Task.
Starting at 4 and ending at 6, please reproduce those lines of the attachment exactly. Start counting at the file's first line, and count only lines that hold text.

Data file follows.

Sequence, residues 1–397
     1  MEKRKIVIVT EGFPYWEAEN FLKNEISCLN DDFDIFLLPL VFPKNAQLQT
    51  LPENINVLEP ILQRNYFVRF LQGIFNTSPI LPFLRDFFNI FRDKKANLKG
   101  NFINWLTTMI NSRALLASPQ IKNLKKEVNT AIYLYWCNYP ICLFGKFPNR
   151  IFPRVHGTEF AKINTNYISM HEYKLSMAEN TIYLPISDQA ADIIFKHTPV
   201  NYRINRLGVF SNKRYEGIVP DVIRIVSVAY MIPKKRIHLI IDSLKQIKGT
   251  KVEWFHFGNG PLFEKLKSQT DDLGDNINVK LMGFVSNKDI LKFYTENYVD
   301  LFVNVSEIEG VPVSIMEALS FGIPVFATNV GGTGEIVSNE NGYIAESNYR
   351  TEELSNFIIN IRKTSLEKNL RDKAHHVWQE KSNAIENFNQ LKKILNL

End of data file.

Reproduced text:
   101  NFINWLTTMI NSRALLASPQ IKNLKKEVNT AIYLYWCNYP ICLFGKFPNR
   151  IFPRVHGTEF AKINTNYISM HEYKLSMAEN TIYLPISDQA ADIIFKHTPV
   201  NYRINRLGVF SNKRYEGIVP DVIRIVSVAY MIPKKRIHLI IDSLKQIKGT